• Highlight: Accessible and very concrete chapters, discussion questions, and dialogue activities to support educators thinking critically together about responding to common claims about students’ “groups,” opportunities, intelligence, communities, “cultures,” skills, everyday lives, and parents. Lots of THINK/DISCUSS questions to prompt dialogue and learning in school communities. Also usable with students in middle and high school. Requires getting a copy of the book.

Mica Pollock, ed., Everyday Antiracism: Getting Real about Race in School (New York: the New Press, 2008)

  • Grade Level: K-12 educator professional development
  • Highlight: Short conversation starter essays and discussion questions to prompt dialogue about issues of race, diversity, and inequality in schools. Also usable with students in middle and high school. Requires a copy of the book.  

“When Are You Going to Come Visit?”: Home visits and seeing our students. (Elizabeth Schlessman, Rethinking Schools)

  • Grade Level: K-12 educator professional development
  • Highlight: A teacher’s concrete discussion of home visits as a mechanism for ongoing learning and relationship-building in school communities.

Mara Tieken, “Making Race Relevant in All-White Classrooms: Using Local History,” in Everyday Antiracism: Getting Real About Race in School, ed. Mica Pollock (New York: The New Press, 2008). (Schooltalking)

  • Grade Level: K12 educator professional development
  • Highlight: Ideas for investigating local history, so students learn more about the complex, diverse communities where they live. Requires getting a copy of the book.

Teresa L. McCarty, “Evaluating Images of Groups in Your Curriculum,”  in Everyday Antiracism: Getting Real About Race in School, ed. Mica Pollock (New York: The New Press, 2008). (Schooltalking)

  • Grade Level: K-12 educator professional development
  • Highlight: Tips for inviting guest speakers from local organizations for productive, respectful learning about local lives. Requires getting a copy of the book.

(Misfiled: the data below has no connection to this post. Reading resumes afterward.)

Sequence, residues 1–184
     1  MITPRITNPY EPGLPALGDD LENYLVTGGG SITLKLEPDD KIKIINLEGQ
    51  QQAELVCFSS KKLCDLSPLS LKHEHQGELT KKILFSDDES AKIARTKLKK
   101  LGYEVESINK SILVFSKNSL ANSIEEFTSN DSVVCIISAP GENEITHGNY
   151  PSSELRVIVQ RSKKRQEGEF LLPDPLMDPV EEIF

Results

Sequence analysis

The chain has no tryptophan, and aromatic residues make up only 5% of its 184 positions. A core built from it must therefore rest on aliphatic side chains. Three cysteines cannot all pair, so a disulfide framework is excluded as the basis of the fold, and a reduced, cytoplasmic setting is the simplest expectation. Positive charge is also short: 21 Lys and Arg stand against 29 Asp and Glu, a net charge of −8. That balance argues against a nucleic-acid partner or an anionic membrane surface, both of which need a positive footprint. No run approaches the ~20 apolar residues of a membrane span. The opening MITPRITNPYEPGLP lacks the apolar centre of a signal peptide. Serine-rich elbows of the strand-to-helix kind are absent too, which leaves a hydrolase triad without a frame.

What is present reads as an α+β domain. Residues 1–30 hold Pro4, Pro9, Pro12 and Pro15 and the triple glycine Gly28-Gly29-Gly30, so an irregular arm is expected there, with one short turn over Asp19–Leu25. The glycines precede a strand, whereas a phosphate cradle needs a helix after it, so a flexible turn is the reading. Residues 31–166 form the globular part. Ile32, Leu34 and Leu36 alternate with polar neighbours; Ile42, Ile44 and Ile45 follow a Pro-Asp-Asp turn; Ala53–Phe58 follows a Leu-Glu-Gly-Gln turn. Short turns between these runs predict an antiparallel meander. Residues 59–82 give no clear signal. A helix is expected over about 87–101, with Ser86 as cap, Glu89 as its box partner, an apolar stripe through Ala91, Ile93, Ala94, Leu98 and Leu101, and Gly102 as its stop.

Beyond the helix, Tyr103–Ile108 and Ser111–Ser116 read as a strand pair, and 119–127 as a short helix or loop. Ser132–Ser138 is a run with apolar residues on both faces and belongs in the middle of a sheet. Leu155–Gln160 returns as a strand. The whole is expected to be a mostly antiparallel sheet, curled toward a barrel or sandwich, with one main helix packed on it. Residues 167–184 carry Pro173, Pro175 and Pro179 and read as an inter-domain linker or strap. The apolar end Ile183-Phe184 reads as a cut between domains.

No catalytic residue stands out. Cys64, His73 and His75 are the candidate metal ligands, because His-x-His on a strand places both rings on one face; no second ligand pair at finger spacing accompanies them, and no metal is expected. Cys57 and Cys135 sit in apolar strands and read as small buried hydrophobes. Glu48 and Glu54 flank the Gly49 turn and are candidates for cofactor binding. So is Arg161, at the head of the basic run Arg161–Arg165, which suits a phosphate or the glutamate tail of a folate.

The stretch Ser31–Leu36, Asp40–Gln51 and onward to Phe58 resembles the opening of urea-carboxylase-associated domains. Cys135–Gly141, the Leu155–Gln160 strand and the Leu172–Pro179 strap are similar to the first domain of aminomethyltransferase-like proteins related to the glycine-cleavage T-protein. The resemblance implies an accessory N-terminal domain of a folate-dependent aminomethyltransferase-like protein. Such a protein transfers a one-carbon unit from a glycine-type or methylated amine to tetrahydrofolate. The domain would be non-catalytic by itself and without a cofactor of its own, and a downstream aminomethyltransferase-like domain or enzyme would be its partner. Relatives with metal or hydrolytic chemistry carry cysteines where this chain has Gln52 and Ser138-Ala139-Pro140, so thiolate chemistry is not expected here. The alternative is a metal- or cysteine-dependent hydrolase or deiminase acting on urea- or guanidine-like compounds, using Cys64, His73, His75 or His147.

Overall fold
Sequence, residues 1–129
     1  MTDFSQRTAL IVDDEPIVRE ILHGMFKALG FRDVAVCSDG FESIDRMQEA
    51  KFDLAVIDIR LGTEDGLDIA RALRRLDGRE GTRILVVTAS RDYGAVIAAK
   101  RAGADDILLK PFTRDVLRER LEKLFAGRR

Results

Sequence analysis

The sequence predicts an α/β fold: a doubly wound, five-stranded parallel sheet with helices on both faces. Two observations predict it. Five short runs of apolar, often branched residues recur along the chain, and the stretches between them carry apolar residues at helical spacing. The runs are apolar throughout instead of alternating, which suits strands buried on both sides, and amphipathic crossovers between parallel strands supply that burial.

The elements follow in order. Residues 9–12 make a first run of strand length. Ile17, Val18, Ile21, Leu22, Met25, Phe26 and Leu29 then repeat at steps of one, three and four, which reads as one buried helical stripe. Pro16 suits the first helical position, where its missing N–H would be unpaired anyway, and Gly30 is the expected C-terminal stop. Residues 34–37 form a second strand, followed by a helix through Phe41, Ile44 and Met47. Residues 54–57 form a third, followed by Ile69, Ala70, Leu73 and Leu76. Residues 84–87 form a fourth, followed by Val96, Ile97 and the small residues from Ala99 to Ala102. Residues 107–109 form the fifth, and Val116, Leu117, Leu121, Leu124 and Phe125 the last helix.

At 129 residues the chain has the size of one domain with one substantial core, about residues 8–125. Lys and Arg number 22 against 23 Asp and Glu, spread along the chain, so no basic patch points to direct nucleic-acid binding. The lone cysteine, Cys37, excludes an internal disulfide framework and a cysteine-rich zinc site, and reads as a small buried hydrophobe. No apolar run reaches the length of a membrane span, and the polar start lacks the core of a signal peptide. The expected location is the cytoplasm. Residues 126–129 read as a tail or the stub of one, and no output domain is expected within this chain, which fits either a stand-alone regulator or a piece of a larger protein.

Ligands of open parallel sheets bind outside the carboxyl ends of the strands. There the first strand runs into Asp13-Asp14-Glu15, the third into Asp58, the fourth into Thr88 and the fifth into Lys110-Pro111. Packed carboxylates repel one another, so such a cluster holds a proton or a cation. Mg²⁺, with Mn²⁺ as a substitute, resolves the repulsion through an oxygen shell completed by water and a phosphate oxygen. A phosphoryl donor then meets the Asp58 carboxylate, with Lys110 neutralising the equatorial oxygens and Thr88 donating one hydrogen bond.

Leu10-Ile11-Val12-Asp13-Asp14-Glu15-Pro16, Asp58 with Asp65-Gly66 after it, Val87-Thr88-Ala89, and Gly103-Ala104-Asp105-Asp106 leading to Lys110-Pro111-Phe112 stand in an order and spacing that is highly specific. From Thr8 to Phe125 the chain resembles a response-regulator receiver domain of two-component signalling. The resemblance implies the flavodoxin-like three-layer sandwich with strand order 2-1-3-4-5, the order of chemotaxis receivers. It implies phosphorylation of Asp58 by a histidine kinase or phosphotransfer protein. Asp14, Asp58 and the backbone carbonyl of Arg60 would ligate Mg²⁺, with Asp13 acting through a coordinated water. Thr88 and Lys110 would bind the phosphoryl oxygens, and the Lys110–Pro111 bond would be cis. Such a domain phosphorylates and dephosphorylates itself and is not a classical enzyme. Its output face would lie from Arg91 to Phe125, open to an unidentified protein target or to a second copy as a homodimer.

Leisy Wyman and Grant Kashatok, “Getting to Know Students’ Communities,”  in Everyday Antiracism: Getting Real About Race in School, ed. Mica Pollock (New York: The New Press, 2008). (Schooltalking)

  • Grade Level: K12 educator professional development
  • Highlight: Tips for productive, respectful community field trips --visits to neighborhoods, schools, homes, or community organizations that help students learn about people’s rich lives. Requires getting a copy of the book.

Identity, Race and the Classroom - Parts 1 & 2 Webinar

  • Grade Level: K-12 educator professional development
  • Highlight: This webinar from the American Federation of Teachers/Share My Lesson includes resources from the AFT and Facing History and Ourselves.

Niobe Way. (Note August 2018: Will share when ready).

  • Grade Level: K12 educator professional development
  • Highlight: Tools for supporting students to interview peers/community members/elders to learn about people’s lives, skills, community contributions, migration experiences, and more.

More Extensive Curricular Programs to Keep Anti-Hate Learning Going

Check out other school-wide campaigns that can help create inclusive school environments, like these:

Mix It Up at Lunch (Teaching Tolerance)

Day of Silence (GLSEN)

No Name-Calling Week (GLSEN)

For Curriculum Development Over Time

Finally: Over time, explore the rich curriculum available from organizations like those below! Specific lessons from all of these organizations are also found on our #USvsHate Resource lists.